A train, or similar “high capacity” public transportation service that connects Caldwell to Boise, and communities in between, has been identified as a future need for the valley. Several studies have been conducted as initial steps toward this type of service.

The Treasure Valley High Capacity Transit Study, begun in 2007, focused on connections between three related planning projects: a downtown Boise multimodal center (opened in 2016 as Main Street Station; operated by Valley Regional Transit), a downtown Boise circulator (under study by the City of Boise), and a regional, east-west high-capacity corridor south of the Boise River.

Potential corridors connecting Caldwell and Boise and potential modes (types of vehicles) were considered in the Treasure Valley High Capacity Transit Study Priority Corridor Phase 1 Alternatives Analysis (2009) to narrow down options before moving forward for a more in-depth study.
Communities in Motion 2040prioritized a Treasure Valley public transportation corridor study to further identify corridor and mode options. This (currently unfunded) study would examine the “preferred alternative,” or the mode of transportation and corridor that should be preserved for future improvements south of the river.

While planning for a light rail or similar service is focused on corridors south of the Boise River, planning is also underway for high capacity public transportation north of the river, along State Highway 44/State Street. Long-term recommendations for this corridor include widening the street to add one lane in each direction primarily for carpools and buses, and eventually for a high capacity public transportation service, such as a bus rapid transit. Bus rapid transit is high-capacity public transportation system that functions much like a train, but is operated with buses. Adding high capacity public transportation service along State Street has been identified as a portion of the #2 unfunded priority in Communities in Motion 2040. Ten agencies have entered into a memorandum of understanding to coordinate planning and implementation of projects along the State Street corridor.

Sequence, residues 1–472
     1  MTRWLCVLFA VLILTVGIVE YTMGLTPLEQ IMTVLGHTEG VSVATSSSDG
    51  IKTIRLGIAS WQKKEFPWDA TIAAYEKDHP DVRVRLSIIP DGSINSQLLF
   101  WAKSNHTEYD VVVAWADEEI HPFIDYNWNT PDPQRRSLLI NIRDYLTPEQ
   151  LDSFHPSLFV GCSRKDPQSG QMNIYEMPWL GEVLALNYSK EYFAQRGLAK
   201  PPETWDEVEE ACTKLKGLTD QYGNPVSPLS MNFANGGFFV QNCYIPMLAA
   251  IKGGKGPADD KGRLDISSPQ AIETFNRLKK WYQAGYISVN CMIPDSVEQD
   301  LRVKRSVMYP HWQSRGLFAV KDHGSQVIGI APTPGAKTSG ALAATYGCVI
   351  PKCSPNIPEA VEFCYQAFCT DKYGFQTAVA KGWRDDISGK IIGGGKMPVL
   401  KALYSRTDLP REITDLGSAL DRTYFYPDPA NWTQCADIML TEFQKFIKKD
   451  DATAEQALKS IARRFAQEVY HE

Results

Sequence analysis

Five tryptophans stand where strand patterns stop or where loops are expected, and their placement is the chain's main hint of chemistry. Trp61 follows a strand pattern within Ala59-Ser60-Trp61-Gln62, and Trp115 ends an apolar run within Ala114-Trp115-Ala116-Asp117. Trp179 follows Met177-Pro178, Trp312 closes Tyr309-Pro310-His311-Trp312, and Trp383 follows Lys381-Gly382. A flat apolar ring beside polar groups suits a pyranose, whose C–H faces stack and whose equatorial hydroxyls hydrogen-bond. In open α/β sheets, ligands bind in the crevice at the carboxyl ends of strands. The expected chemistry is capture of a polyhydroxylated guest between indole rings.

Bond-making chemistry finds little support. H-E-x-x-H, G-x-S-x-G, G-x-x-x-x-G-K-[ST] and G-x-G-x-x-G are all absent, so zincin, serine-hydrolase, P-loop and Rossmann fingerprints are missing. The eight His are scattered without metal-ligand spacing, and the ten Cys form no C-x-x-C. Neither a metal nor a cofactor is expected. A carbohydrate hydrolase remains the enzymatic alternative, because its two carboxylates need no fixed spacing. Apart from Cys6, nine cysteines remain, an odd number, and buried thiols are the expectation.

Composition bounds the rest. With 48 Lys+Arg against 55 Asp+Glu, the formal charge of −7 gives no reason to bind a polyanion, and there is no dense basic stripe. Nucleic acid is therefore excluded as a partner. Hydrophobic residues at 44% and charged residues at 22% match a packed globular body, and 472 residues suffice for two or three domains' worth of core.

Funding is a significant obstacle. Funding is not available at this time to complete the project development or environmental analysis to satisfy the Federal Transit Administration requirements for a “fixed guideway” project, such as commuter rail or light rail. Even more significantly, Idaho does not have a dedicated funding source for public transportation, which is needed to operate a light rail, or similar, system. Without dedicated funding, work on any type of light rail service will remain in the planning stages.

Even once funding is secured, the process to plan for, build, and begin operations of such as system is long and time consuming. Within funding constraints, COMPASS will continue to plan for future “high capacity” public transportation to be ready when that time comes.


A list of tasks needed to implement Communities in Motion 2040 can be found online.

Specific implementation projects led by COMPASS are discussed on the Communities in Motion Implementation page.

COMPASS sets regional goals relating to transportation, economic development, land use, and more through the regional long-range transportation plan, Communities in Motion. Specific targets are set to meet these goals; COMPASS reports on progress toward meeting these targets in several ways: